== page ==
Current account surplus in May
A surprise narrowing of the current account surplus
We thought that the sharp positive swing in Thailand’s customs-basis trade balance to a $1.2 billion surplus in May from a deficit of similar size in April meant the current account was in for a wider surplus in the last month. But the balance of payments data for May revealed just the opposite; a narrower current surplus of $958 million compared to the $1.4 billion surplus in April. The consensus forecast was for a surplus of $1.5 billion.
This puts the cumulative current surplus in the first five months of the year at $19.4 billion, which is $782 million wider on the year. The contrast with the $3.8 billion narrowing in the trade balance over the same period reveals that services trade continued to perform well this year, thanks to the tourism sector, with a 14% year on year surge in international visitors in the first four months of 2018.
A reversal of fortune for the Thai baht
After a strong run in the last four years, Thailand’s external payments have started to weaken this year and foreign exchange reserves have started to fall in May after peaking over $215 billion in the previous two months. These trends are here to stay as the global trade war threatens exports and confidence-sensitive capital inflows while rising oil prices boost imports. We forecast that the annual current surplus in relation to GDP will narrow to 7.5% in 2018 from 10.6% in 2017.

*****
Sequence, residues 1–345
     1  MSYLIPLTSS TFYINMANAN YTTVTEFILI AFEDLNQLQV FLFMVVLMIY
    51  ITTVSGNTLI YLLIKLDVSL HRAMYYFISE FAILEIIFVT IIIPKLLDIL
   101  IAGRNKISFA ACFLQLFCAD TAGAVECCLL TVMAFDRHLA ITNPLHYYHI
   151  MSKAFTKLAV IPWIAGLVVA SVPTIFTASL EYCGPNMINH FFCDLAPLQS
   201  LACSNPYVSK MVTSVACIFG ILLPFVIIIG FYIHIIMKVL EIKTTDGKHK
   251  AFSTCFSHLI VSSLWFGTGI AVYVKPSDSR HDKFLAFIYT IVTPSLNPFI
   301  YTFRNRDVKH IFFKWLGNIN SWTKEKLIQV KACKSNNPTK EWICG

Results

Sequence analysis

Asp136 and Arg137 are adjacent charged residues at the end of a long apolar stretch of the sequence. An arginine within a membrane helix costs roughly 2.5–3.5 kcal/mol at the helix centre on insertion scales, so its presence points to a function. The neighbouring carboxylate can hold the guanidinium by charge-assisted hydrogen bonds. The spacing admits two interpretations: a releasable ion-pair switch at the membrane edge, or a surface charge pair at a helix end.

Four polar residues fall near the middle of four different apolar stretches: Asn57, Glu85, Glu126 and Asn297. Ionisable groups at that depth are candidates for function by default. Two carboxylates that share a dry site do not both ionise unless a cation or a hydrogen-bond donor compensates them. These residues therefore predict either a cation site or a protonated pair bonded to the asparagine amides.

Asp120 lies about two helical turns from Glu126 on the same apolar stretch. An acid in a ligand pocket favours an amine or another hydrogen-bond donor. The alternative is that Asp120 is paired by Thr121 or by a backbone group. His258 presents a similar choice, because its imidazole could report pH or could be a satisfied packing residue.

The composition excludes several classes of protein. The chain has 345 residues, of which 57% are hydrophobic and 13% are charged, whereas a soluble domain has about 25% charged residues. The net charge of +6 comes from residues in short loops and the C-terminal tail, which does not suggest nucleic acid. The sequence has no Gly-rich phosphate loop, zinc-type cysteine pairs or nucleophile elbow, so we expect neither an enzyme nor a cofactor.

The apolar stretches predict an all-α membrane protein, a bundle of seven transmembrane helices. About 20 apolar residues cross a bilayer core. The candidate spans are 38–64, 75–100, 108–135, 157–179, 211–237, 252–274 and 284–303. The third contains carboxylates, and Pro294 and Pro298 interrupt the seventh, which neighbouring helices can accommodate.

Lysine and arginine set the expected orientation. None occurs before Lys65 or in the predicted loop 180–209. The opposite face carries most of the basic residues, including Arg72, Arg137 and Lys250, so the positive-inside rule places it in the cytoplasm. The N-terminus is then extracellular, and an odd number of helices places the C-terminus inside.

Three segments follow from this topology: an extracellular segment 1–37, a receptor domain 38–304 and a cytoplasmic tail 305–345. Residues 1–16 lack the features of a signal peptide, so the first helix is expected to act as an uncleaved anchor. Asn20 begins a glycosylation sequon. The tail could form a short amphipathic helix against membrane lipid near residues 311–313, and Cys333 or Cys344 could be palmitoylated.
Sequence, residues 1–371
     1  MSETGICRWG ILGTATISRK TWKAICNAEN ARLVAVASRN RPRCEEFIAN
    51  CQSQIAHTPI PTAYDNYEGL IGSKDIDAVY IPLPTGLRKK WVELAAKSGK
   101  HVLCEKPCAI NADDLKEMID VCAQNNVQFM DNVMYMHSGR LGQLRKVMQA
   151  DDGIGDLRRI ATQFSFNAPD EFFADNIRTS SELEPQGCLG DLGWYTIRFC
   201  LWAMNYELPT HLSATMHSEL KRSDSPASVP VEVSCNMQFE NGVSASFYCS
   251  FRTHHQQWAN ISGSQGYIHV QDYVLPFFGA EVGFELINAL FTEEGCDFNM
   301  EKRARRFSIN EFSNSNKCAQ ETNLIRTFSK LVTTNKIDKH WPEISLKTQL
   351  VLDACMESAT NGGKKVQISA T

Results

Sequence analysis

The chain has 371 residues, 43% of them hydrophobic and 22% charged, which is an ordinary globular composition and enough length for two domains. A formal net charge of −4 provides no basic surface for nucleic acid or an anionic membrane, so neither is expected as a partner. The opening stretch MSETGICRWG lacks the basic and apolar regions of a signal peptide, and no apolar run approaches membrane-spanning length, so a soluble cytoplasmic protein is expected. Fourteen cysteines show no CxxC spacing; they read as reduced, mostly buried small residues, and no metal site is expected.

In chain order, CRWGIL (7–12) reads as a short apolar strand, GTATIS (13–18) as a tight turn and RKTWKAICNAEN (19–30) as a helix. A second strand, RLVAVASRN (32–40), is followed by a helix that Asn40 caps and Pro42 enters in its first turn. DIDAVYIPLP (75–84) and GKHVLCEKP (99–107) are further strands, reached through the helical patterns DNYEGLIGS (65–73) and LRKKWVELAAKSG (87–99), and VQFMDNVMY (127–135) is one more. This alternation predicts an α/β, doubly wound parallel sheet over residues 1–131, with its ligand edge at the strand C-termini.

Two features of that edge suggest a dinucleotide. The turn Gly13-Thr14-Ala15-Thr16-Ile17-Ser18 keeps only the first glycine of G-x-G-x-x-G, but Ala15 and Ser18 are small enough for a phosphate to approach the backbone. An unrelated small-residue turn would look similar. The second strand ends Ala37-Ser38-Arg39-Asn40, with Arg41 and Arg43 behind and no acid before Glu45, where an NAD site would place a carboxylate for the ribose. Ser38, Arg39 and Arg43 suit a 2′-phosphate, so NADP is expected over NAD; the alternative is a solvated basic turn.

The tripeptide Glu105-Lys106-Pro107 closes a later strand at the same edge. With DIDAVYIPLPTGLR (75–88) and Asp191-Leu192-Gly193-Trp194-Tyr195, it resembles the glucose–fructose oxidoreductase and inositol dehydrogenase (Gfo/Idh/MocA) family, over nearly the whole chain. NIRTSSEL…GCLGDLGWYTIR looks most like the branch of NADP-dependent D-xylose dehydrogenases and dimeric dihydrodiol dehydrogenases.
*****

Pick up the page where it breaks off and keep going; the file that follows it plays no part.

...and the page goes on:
Weakening external payments are negative for the currency. The Thai baht (THB) is Asia’s worst performer in June with 3.4% depreciation against the USD, a reversal of fortune from being Asia’s outperformer last year through early this year. We don’t think the recent downgrade of our end-2018 USD/THB forecast to 33.8 from 32.3 will be the last (spot 33.1). We are looking for a further downgrade as we assess the impact on Asian currencies of an all-out trade war.